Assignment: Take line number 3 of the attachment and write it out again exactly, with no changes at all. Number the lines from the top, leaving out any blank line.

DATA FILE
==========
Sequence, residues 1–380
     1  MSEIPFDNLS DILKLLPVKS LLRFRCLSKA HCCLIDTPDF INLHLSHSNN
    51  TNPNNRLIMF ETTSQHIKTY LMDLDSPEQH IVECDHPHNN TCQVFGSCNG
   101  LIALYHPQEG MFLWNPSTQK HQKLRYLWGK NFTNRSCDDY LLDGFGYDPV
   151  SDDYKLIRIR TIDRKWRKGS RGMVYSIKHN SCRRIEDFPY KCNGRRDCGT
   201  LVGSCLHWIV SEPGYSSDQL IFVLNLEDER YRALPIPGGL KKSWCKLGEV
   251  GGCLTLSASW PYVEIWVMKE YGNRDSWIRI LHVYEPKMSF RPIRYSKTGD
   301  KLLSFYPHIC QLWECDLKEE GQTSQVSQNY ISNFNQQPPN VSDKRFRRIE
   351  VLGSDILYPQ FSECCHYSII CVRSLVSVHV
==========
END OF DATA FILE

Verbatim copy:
    51  TNPNNRLIMF ETTSQHIKTY LMDLDSPEQH IVECDHPHNN TCQVFGSCNG